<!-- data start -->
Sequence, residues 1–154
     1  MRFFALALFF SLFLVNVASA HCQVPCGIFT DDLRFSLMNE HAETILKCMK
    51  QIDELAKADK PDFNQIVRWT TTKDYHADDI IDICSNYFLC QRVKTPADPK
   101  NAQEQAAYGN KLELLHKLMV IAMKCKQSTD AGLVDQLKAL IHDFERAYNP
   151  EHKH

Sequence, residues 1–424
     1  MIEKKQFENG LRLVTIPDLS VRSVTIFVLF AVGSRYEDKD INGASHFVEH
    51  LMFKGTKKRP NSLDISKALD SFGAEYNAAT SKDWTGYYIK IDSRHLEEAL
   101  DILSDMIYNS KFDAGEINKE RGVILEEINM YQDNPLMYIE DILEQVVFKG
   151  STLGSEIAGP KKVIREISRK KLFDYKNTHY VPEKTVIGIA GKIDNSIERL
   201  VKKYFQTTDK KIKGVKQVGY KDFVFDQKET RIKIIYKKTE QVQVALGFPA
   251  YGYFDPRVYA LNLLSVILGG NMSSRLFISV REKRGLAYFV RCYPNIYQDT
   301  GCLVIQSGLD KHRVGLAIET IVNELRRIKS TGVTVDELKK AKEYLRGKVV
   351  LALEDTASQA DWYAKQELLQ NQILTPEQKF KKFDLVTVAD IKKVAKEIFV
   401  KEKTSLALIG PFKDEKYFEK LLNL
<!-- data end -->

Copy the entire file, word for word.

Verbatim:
Sequence, residues 1–154
     1  MRFFALALFF SLFLVNVASA HCQVPCGIFT DDLRFSLMNE HAETILKCMK
    51  QIDELAKADK PDFNQIVRWT TTKDYHADDI IDICSNYFLC QRVKTPADPK
   101  NAQEQAAYGN KLELLHKLMV IAMKCKQSTD AGLVDQLKAL IHDFERAYNP
   151  EHKH

Sequence, residues 1–424
     1  MIEKKQFENG LRLVTIPDLS VRSVTIFVLF AVGSRYEDKD INGASHFVEH
    51  LMFKGTKKRP NSLDISKALD SFGAEYNAAT SKDWTGYYIK IDSRHLEEAL
   101  DILSDMIYNS KFDAGEINKE RGVILEEINM YQDNPLMYIE DILEQVVFKG
   151  STLGSEIAGP KKVIREISRK KLFDYKNTHY VPEKTVIGIA GKIDNSIERL
   201  VKKYFQTTDK KIKGVKQVGY KDFVFDQKET RIKIIYKKTE QVQVALGFPA
   251  YGYFDPRVYA LNLLSVILGG NMSSRLFISV REKRGLAYFV RCYPNIYQDT
   301  GCLVIQSGLD KHRVGLAIET IVNELRRIKS TGVTVDELKK AKEYLRGKVV
   351  LALEDTASQA DWYAKQELLQ NQILTPEQKF KKFDLVTVAD IKKVAKEIFV
   401  KEKTSLALIG PFKDEKYFEK LLNL